‘Memorial For Unborn Children’ – Martin Hudacek 

  
I saw a photo of this before leaving for New York. It stirred something within me. 

It is a sculpture by a young Slovakian sculptor; he completed it as a major work for his degree using live models and a variety of materials. It took him ten months. Interesting; the gestation of a child. Irony. 

Some reports suggest that it was created to convey the grief that women who abort experience, and this sculpture shows the aborted child in an act of forgiveness. I think that this highlights the many layers of meaning that art evokes. What one work suggests for one person can be completely different for another. 

And that is okay. 

It is a similar scenario for poetry. 

We all bring our own contexts to any interpretation of art or literature, and in life. 

For me, this sculpture captures the grief of my miscarriage and inability to carry a child. It also captures an experience I had throughout my IVF journey.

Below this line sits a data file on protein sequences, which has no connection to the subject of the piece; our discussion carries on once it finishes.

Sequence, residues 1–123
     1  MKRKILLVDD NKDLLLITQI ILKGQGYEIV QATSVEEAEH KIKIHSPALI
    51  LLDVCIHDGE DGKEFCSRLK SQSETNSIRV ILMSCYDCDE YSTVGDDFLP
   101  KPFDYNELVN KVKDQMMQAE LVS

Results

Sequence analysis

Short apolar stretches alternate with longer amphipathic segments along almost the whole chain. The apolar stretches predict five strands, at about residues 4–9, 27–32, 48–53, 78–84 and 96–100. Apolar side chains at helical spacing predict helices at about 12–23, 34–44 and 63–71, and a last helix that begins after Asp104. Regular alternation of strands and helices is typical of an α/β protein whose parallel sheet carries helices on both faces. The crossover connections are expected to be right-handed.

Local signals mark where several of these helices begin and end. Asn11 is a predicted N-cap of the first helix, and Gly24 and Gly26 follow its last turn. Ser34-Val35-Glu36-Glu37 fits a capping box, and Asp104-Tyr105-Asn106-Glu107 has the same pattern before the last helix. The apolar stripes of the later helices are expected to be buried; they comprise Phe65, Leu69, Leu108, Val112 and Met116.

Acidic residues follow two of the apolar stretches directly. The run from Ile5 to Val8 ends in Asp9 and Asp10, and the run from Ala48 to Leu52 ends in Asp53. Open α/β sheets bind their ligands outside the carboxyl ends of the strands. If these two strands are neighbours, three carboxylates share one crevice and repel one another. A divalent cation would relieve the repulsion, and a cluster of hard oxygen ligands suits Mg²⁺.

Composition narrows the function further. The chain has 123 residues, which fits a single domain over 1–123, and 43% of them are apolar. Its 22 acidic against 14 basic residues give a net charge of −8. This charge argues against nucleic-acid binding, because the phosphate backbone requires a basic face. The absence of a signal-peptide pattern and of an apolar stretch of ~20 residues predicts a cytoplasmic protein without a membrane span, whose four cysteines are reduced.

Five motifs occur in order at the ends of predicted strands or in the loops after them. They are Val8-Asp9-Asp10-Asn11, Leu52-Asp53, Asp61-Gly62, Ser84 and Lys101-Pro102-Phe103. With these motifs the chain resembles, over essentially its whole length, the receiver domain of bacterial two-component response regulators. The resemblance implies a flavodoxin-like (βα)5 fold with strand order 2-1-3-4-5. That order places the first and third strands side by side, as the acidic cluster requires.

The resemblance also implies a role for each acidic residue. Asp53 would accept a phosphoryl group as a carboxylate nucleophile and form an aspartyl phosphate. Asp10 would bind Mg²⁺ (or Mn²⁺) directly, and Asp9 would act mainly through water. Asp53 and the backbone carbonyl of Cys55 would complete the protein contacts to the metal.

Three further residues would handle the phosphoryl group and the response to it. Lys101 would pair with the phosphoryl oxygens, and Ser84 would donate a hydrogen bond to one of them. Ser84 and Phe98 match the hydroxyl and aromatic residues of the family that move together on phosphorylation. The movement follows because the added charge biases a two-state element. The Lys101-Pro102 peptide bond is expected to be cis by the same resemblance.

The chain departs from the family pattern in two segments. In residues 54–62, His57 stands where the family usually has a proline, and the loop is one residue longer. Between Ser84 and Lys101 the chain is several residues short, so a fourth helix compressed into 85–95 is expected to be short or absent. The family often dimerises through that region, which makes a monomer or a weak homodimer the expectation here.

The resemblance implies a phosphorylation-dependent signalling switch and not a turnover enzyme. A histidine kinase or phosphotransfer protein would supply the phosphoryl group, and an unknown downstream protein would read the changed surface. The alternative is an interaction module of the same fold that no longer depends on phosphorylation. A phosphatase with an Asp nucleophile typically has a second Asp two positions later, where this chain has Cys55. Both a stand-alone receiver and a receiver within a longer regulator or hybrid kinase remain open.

Mid way through my journey I started seeing a little girl with blonde hair. She would speak to me. I knew she was my unborn child. You may think I am crazy. 

So did I. 

Until a friend saw her too. 

Now obviously, if you believe in the spirit world you will accept this. If you don’t, you will think the drugs of IVF impacted in a bizarre way. I’m okay with that. My experience is my experience, and she gave me hope and provided comfort during times I didn’t have any. 

I love art. 

I love the emotion it is capable of expressing. In the many layers of meaning. And that there is no right or wrong way. The way it can force us to confront the realities of our world, and its shortcomings. 

  
The way it can inspire, calm, influence, speak for us. Move us. Force us to stop. 

And just, 

                  be.

   
    
    
   
   
Yes, art speaks. 

 

3 thoughts on “‘Memorial For Unborn Children’ – Martin Hudacek 

  1. Wow, that piece of art even experienced just through a photo is very powerful. To me it is a child saying, “I am with you”. I also get the feeling that even through your darkest hour there is always hope. As you said, art is like poetry, everyone takes something different from it. Like you I think my interpretation is closely linked to my infertility. In saying that sometimes when art or poetry throws something hard in your face your instinct is to dislike it and I don’t feel that way, I think this piece is beautiful.

    Liked by 1 person

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